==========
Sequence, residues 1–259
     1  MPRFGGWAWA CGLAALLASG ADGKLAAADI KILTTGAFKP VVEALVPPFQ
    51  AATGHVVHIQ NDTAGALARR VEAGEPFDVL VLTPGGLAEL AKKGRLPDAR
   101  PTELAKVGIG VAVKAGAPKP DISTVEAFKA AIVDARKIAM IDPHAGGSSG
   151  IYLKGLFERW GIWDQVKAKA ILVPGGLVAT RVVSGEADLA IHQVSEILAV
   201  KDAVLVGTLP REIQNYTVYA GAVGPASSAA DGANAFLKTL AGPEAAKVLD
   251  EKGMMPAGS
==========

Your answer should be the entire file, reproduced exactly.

Sequence, residues 1–259
     1  MPRFGGWAWA CGLAALLASG ADGKLAAADI KILTTGAFKP VVEALVPPFQ
    51  AATGHVVHIQ NDTAGALARR VEAGEPFDVL VLTPGGLAEL AKKGRLPDAR
   101  PTELAKVGIG VAVKAGAPKP DISTVEAFKA AIVDARKIAM IDPHAGGSSG
   151  IYLKGLFERW GIWDQVKAKA ILVPGGLVAT RVVSGEADLA IHQVSEILAV
   201  KDAVLVGTLP REIQNYTVYA GAVGPASSAA DGANAFLKTL AGPEAAKVLD
   251  EKGMMPAGS